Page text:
Pauline and Margot speak to/about each other with such blithe cruelty—despite each calling each other their “closest friend”—that midway through, we’re hardly even phased by it anymore (Margot casually comments, “She’ll probably miscarry.”). But there’s a truth and understanding at work here; even though the two sisters literally never say anything nice to or about the other, we can see they love each other, if only out of necessity. In fact, if “Margot” is masterful at anything, it’s capturing the extent to which it’s possible to hate your family like no one else could ever understand, while still retaining some semblance of familial bonds. But lest anyone think there are any answers or resolutions to be found here, there aren’t. Like life, people’s problems and troubled relationships aren’t solved and mended, but rather resigned to and sighed over before just leaving. Like the titular figures in “The Squid & the Whale,” Baumbach goes heavy on metaphor here as well, utilizing a car with no brakes and a massive tree as the main objects of analysis here. From Margot’s failed attempt at climbing the tree to the neighbors complaining that its rotting roots are spilling over onto their property, it’s not particularly difficult to decipher the meaning, but it’s fairly effective.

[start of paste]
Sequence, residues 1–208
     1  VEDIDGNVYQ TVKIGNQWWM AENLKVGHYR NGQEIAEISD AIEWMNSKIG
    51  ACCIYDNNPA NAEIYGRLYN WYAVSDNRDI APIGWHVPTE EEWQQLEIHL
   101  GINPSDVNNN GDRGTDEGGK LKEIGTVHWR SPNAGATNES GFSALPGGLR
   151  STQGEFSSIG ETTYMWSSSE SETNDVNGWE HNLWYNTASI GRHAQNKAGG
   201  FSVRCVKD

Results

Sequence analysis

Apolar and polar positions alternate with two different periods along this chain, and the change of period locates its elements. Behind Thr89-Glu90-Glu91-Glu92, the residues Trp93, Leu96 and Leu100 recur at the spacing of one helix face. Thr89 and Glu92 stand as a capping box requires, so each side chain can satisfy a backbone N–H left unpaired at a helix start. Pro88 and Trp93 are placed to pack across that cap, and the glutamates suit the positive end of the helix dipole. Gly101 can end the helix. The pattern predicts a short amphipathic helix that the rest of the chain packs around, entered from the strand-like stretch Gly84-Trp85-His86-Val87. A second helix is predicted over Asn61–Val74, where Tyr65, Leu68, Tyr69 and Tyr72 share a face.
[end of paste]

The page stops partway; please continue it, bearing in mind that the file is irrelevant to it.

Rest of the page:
I’ve always admired Kidman for continuing to work with adventurous directors more than actually being a gushing fan of her performances, but with “Margot,” she delivers a quietly astonishing piece of acting. I’ll have to go back and rewatch “To Die For” and “The Hours,” but I think this may be my favorite performance she’s ever given. Margot, as discussed by others, is incredibly unlikable—Baumbach doesn’t even give her one moment for us to sympathize with her—but she’s not without her humanity and complexity. We may not like her, but she never crosses the line into being “evil” or “a monster.” We’ve all (or at least, I have) met people like this performer and they almost can’t help what they’re doing. Firing off cruel, defensive remarks like tiny little missiles (“Stupid people get into Harvard early all the time!”) and silently loathing herself more than she could ever hate anyone, Kidman is completely in her element here.

Margot is the type of person who feels the need to butt in and take exception to a mother pulling her daughter’s arm too hard, blissfully ignorant of the psychological damage she’s inflicting upon Claude. From her abject nastiness towards Claude during a croquet match (“This is why I hate games, I hate what it does to me”) to her inability to even get herself off while masturbating, Margot is perhaps the most fascinating creature to be inflicted upon the American public in a film this year. She perhaps reveals the most about herself when discussing a character in a story she’s written, commenting that she “Silently resents the responsibility of parenthood.” Baumbach has commented that it’s not important that people like Margot as long as they understand her; with the combination of his writing and Kidman’s performance, this accomplished to tremendous effect. I predict this will go down as the best performance by an Actress in 2007 to get passed over for most major awards. When I re-visit “Margot at the Wedding,” it’ll be entirely for Kidman’s work.